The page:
Re: [C.G.A] Casual Gaming Association -- Bioware is QUEEN! (Right Meg?!)
Developer: Will Wright/Maxis
With all the hype surrounding Spore as it released last Saturday, it was clear that Spore would be another massive hit by Maxis. But how does falsely teaching kids about the "facts" of evolution actually compare to everything else?
Graphically this game is fairly nice to PC's, with tolerable minimal requirements. The look of the game is quite polished as well. While it doesn't look like Crysis, it doesn't have to. The textures do suffer a few graphical glitches when zoomed out, especially during the creature and tribal stages.
The sound is crisp and cheerful for the most part, though it has the heart-beating drums when you do go on the offensive against enemies. All in all, the sound conveys the message of the game well.
Unlike all other Maxis games, this game has an ending and is goal oriented. The story does not show up until your space age, and I find the final story to be at least interesting, and has that slight star wars-like feel to it. All in all, defeating evil empires is always fun to do, and you do feel a sense of accomplishment afterwards.
Spore's uniqueness is the inclusion of creature/building/vehicle creators. This significantly impacts the game by giving the userbase create content for it. The creature creator was polished and highly customizable, and was also a huge success. This area of gameplay is very strong, and should be changing the landscape of gaming from this perspective.
Spore, however, is still a game (not a creator). While I do think that this is part of gameplay, the heart of Spore can leave for some reserve. After all, the target audience isn't the hardcore, but the more casual gamers. So the key idea here is that the game's simplicity is high.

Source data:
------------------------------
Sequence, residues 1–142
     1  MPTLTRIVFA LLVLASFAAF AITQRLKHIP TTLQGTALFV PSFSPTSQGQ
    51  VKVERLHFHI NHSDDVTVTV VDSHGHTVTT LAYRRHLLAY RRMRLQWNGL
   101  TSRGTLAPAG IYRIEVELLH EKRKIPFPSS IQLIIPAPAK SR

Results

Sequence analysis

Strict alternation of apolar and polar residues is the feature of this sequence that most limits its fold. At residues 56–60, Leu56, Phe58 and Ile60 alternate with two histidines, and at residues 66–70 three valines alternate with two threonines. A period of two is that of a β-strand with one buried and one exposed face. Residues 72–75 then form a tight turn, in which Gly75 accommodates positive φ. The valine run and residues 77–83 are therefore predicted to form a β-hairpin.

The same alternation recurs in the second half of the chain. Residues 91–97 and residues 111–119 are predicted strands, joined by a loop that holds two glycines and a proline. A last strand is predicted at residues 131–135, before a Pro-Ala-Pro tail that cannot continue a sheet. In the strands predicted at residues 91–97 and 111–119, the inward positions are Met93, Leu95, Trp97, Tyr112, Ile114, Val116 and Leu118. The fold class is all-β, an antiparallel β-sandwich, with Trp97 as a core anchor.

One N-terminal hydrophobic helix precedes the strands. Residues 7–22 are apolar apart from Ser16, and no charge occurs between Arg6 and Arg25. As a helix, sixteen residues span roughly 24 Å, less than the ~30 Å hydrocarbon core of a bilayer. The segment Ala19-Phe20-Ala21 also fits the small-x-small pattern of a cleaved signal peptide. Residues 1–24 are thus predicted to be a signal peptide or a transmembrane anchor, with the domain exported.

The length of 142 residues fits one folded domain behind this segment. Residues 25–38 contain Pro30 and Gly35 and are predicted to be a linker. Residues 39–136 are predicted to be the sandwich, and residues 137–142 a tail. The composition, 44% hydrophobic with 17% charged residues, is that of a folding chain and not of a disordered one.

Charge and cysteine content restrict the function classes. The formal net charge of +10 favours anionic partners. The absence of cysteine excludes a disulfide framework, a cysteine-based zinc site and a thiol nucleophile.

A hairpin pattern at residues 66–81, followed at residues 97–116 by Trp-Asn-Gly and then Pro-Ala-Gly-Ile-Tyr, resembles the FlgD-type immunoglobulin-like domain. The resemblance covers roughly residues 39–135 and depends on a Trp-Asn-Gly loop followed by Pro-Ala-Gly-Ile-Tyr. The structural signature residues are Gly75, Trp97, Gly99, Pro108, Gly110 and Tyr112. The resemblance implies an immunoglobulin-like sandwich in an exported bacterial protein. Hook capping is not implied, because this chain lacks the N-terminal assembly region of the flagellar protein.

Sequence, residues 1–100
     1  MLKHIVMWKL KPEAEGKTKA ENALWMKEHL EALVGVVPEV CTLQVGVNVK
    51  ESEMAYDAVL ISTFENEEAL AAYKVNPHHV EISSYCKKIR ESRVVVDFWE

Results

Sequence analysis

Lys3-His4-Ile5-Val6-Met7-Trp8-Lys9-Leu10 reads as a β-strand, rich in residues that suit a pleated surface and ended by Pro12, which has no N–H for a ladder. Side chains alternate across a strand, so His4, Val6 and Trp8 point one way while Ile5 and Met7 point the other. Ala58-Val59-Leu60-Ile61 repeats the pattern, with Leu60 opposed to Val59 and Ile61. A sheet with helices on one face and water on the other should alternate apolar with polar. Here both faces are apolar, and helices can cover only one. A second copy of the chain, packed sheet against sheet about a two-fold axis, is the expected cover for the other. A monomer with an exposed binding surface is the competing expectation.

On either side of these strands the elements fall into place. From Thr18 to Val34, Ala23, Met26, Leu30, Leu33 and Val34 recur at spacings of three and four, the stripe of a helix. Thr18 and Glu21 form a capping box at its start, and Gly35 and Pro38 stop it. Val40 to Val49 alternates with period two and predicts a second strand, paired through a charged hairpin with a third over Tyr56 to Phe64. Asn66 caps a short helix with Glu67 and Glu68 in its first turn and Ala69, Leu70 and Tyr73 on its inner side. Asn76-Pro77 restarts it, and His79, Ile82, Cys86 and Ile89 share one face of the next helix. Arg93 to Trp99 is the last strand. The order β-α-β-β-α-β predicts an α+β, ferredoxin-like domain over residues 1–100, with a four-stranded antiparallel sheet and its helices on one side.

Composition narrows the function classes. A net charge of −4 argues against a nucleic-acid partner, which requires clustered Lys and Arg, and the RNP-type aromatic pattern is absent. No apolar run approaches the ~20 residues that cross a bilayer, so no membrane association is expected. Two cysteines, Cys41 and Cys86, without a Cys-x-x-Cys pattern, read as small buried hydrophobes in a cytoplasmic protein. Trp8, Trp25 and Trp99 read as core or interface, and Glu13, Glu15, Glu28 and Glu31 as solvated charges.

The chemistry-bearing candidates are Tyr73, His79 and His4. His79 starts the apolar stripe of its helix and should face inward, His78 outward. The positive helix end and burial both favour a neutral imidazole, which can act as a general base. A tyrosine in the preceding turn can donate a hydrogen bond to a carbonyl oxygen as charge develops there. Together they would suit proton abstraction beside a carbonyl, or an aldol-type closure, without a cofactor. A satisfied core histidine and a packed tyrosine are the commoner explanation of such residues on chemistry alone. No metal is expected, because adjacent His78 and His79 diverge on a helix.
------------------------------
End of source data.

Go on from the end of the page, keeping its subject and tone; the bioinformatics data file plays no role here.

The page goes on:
Another interesting aspect of the game is that you can choose how your creature works. Each stage you choose will affect ALL other subsequent stages by their abilities. So by choosing a certain way of playing in the cell stage, you can different abilities than to playing an omnivore. IMO this is quite a strong design choice that should be praised for.
Cell Stage (Arcade):
The cell stage is a simple arcade game where you simply use the mouse to click on where you want your creature to go. The objective is simply to find small molecules of plants or meat (red or green "dots") and avoiding predators. As you grow bigger, your cell can get new parts from killing other cells or finding special rocks floating around containing new parts, at which point you can customize your cell again. All in all, the arcade game is simple, yet delightful to play at the same time. I can't find any major faults to it, especially when my memory is still fresh with my Turnicus (my cell) took down a giant cell that's like 3 times its size because of my awesome maneuverability.
Creature Stage (adventure):
Once the cell grows large enough, it leaves the pool. In the creature stage, you roam the planet in search of more parts. These parts, however, now must be gotten from roaming your entire world (and there are a ton of parts!). There are 2 meters to deal with, HP and hunger. The hunger meter simply means that you need to eat periodically. This isn't an issue with herbivores, but carnivores need to kill other animals to get their share of meat. In order to progress through (and gain more members that you can take along with you), you need to either form allies with other animals, or kill them to extinction (or sometimes either/both if you're an omnivore). There are a couple of surprises in store as well.